In the 50 largest US cities, a woman makes only 74 cents for every dollar earned by a man, a gender wage gap of 26 percent.
Single women cannot afford to rent a small apartment in nearly all of the biggest US cities but single men could manage to lease in a third of those locations, a reflection of the gender wage gap, research shows.
The Midwestern cities of Wichita, Kansas and Tulsa, Oklahoma are the only two of the 50 largest cities where the median income of single women can pay for a studio or one-bedroom apartment, according to research by RentCafe.com, an online apartment search company. Across the United States, women working full time are paid 80 percent of what men are paid, according to US Census Bureau statistics.
In the 50 largest US cities, a woman makes only 74 cents for every dollar earned by a man, a gender wage gap of 26 percent, according to RentCafe.com. In those cities, single men make an average of $32,451 a year, while single women average $24,115, it said.
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Globally, the gender wage gap is as small as 6 percent in New Zealand and as wide as 37 percent in South Korea among the 35 member nations of the Organization for Economic Cooperation and Development (OECD). The RentCafe.com research, published this month on its website, used the U.S. industry standard that housing costs should not comprise more than 30 percent of one’s income.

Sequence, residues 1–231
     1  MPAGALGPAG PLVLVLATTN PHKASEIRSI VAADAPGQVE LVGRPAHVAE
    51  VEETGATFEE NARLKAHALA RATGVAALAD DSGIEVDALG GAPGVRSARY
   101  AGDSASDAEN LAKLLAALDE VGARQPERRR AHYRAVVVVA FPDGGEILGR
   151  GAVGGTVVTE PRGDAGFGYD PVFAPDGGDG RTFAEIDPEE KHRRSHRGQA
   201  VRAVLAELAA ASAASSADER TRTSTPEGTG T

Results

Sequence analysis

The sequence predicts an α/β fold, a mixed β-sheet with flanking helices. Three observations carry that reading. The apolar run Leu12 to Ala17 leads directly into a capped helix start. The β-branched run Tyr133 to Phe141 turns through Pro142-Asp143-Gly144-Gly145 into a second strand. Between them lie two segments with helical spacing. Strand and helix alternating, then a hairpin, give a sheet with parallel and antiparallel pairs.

Among the 50 cities, men can afford to rent a studio or one-bedroom apartment on their own in 18, the research found. Those cities include Phoenix, Las Vegas, Oklahoma City, Memphis, Indianapolis, Omaha and Kansas City.
In 14 cities, the median income is not enough to rent a studio or one bedroom by single women or men, it said.
The least affordable spots for singles are Boston and the New York City borough of Manhattan. Eight of the 50 most expensive cities are in California.
The study used Census Bureau income data and analysed the 50 largest cities excluding St. Louis, Missouri where it had incomplete information.
It used median market rent data from Yardi Matrix, which researches and reports on multifamily properties except those covered by affordable housing programs or government subsidies.